There are three critical parts to every exercise recovery plan - refuel, rebuild and rehydrate. Incorporating these into your workout plan will enable better ongoing performance whether you are a serious athlete, a weekend warrior or you exercise regularly.
Part Two: Rebuild
In the process of performing an athletic event (whether it be endurance running, cycling, weight training, football, hockey, basketball, or sprinting), muscle tissue is exposed to potential damage. Catabolic hormones (ie. adrenaline and cortisol) remain high after exercise and continue to break down muscle tissue. Catabolism means to break down. Without proper intake of protein, this catabolic condition can continue for hours, resulting in increased muscle soreness and poor subsequent performance.
In order to rebuild muscle, athletes must take in high amounts of protein throughout the day, and especially immediately after exercise. Protein drives the body to rebuild and repair damaged muscle tissue, and stimulates whole body protein synthesis. The amount of protein required varies depending on the type of exercise, and how long it is performed, but generally 20 to 40 grams of protein should be consumed. Studies have shown that whey protein is a good post-workout protein because it contains a strong amino acid complex, and can rapidly release them into the bloodstream.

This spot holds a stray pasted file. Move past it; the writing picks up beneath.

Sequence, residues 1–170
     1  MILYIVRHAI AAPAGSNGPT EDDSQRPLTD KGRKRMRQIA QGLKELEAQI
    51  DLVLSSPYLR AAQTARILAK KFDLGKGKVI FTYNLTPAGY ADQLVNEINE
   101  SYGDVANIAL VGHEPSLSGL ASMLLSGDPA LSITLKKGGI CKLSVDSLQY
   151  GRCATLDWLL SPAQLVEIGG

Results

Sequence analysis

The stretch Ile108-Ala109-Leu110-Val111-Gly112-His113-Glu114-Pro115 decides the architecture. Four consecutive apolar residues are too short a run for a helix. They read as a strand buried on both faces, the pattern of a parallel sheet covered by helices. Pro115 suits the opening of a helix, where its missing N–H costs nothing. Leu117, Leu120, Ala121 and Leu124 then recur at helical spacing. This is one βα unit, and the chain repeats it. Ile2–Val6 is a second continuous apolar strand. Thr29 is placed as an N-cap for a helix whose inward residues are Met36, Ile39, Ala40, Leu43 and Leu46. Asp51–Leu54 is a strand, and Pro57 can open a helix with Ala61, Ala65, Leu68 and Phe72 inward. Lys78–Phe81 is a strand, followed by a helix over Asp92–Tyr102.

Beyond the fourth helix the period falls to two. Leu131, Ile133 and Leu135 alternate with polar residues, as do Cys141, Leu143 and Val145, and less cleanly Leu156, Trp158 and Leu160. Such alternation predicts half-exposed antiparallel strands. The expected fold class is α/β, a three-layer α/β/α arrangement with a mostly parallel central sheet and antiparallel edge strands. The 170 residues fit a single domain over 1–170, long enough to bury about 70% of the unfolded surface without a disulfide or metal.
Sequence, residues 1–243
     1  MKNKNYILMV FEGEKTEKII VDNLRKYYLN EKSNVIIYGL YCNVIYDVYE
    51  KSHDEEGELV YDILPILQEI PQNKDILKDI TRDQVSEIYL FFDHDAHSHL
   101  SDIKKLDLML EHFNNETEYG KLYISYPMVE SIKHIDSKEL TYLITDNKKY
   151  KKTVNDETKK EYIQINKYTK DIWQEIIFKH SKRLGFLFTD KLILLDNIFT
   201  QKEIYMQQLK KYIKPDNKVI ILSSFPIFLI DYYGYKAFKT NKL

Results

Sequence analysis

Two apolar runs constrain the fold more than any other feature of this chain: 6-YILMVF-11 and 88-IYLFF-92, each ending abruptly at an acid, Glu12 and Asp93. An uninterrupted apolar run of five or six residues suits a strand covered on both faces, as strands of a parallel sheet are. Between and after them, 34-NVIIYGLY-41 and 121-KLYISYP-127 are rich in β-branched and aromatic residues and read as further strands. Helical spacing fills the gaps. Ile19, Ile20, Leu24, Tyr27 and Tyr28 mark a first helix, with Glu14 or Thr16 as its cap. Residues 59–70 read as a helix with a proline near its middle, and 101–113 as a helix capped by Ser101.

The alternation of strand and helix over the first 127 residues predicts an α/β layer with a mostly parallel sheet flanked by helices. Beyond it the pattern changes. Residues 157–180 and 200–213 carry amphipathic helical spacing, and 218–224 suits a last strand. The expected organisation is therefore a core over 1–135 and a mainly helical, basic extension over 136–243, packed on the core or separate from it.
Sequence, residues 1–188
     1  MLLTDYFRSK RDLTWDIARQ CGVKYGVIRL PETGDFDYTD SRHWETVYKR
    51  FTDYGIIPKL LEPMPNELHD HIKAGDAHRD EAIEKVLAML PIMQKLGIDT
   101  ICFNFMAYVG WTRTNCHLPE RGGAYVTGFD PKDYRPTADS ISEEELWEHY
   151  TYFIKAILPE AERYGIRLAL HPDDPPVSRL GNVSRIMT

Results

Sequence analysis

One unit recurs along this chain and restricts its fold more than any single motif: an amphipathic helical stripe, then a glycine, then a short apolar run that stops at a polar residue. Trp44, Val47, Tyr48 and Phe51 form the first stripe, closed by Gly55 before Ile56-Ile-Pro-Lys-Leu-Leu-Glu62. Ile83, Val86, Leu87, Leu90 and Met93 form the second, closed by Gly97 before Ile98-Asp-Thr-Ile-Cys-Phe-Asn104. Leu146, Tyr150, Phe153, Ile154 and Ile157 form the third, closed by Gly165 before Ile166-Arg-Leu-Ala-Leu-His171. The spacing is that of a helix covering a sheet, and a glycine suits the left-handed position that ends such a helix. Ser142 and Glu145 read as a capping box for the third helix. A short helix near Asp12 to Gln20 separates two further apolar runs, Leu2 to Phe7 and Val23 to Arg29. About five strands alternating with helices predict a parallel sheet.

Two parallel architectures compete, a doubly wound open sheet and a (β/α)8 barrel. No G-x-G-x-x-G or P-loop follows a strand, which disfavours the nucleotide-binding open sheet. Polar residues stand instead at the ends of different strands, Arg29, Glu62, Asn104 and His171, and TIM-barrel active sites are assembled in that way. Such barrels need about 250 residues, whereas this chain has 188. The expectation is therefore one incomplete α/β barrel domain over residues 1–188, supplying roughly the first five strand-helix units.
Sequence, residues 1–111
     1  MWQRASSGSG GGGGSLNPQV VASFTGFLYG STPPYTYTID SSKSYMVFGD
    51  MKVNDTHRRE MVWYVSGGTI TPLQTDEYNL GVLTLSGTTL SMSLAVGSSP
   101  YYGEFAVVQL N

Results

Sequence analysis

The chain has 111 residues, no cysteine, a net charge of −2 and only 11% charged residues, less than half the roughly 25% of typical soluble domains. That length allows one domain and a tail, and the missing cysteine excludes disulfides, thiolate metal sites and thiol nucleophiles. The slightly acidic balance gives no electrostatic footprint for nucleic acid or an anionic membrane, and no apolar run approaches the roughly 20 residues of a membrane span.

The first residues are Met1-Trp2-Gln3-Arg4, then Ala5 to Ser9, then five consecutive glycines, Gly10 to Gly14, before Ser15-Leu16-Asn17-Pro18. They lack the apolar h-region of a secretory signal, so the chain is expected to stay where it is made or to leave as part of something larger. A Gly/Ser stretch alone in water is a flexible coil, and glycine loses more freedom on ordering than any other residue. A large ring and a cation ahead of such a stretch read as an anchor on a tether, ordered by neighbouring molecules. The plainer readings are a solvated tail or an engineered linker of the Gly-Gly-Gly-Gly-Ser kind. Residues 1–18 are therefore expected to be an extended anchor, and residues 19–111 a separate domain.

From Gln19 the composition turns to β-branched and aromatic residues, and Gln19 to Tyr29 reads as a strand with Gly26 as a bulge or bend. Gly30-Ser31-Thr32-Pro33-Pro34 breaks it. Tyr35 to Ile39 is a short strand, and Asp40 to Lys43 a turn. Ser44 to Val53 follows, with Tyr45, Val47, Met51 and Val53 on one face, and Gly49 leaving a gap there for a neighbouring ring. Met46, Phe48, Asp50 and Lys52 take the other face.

Creatine is also involved in building muscle and providing fuel for muscle contraction. Clinical studies have shown that adding creatine to the diet can increase muscle mass in individuals performing weight resistance training.
In the cycle to produce ATP, both creatine and magnesium play important roles. Studies have shown that magnesium creatine chelate (available from Albion as Creatine MagnaPower®) is more effective compared to creatine monohydrate given with magnesium oxide. A clinical study concluded that positive changes in peak torque of quadriceps were found to be significant only in the group receiving magnesium creatine chelate. This group had greater increases in intracellular water. An increase in intracellular hydration is associated with increased muscle growth. (Brilla,LR, et al, Metabolism, vol.52, No.9 2003, pp1136-1140). Phosphorous is also important for ATP formation.
Other minerals are also involved in rebuilding muscle. Magnesium and zinc can both have a positive impact on testosterone production, which contributes to muscle growth.